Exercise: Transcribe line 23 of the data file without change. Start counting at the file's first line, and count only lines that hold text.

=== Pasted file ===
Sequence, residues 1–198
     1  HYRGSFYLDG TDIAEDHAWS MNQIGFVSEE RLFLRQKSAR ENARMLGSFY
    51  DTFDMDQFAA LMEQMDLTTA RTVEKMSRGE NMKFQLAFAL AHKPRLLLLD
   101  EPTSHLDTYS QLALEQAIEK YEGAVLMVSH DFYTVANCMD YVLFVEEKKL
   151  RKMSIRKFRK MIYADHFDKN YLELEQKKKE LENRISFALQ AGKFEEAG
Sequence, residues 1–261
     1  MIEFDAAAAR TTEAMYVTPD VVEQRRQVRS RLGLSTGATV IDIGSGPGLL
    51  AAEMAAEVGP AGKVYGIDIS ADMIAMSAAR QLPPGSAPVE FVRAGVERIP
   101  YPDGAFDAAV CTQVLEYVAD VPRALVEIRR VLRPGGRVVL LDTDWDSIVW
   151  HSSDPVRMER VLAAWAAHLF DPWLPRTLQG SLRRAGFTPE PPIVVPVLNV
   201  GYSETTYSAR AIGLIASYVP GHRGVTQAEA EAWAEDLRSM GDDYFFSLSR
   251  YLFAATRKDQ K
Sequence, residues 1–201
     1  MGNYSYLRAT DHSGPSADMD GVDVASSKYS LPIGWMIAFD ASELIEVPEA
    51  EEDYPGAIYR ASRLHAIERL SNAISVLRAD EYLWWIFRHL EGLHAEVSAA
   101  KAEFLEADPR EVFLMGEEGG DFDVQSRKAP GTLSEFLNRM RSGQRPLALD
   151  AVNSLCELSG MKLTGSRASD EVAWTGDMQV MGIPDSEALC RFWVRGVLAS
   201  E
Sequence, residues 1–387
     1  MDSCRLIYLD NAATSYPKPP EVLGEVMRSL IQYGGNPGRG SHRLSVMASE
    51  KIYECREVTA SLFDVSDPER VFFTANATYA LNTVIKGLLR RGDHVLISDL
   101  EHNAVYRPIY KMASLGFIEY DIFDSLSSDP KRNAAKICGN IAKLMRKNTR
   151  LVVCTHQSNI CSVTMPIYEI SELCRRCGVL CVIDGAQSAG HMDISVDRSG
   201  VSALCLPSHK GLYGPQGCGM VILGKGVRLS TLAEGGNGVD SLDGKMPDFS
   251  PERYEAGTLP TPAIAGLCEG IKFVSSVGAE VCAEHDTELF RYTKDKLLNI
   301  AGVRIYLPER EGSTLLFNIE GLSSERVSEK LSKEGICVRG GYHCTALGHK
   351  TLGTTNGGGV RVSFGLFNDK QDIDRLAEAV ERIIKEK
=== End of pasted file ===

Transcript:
   151  LVVCTHQSNI CSVTMPIYEI SELCRRCGVL CVIDGAQSAG HMDISVDRSG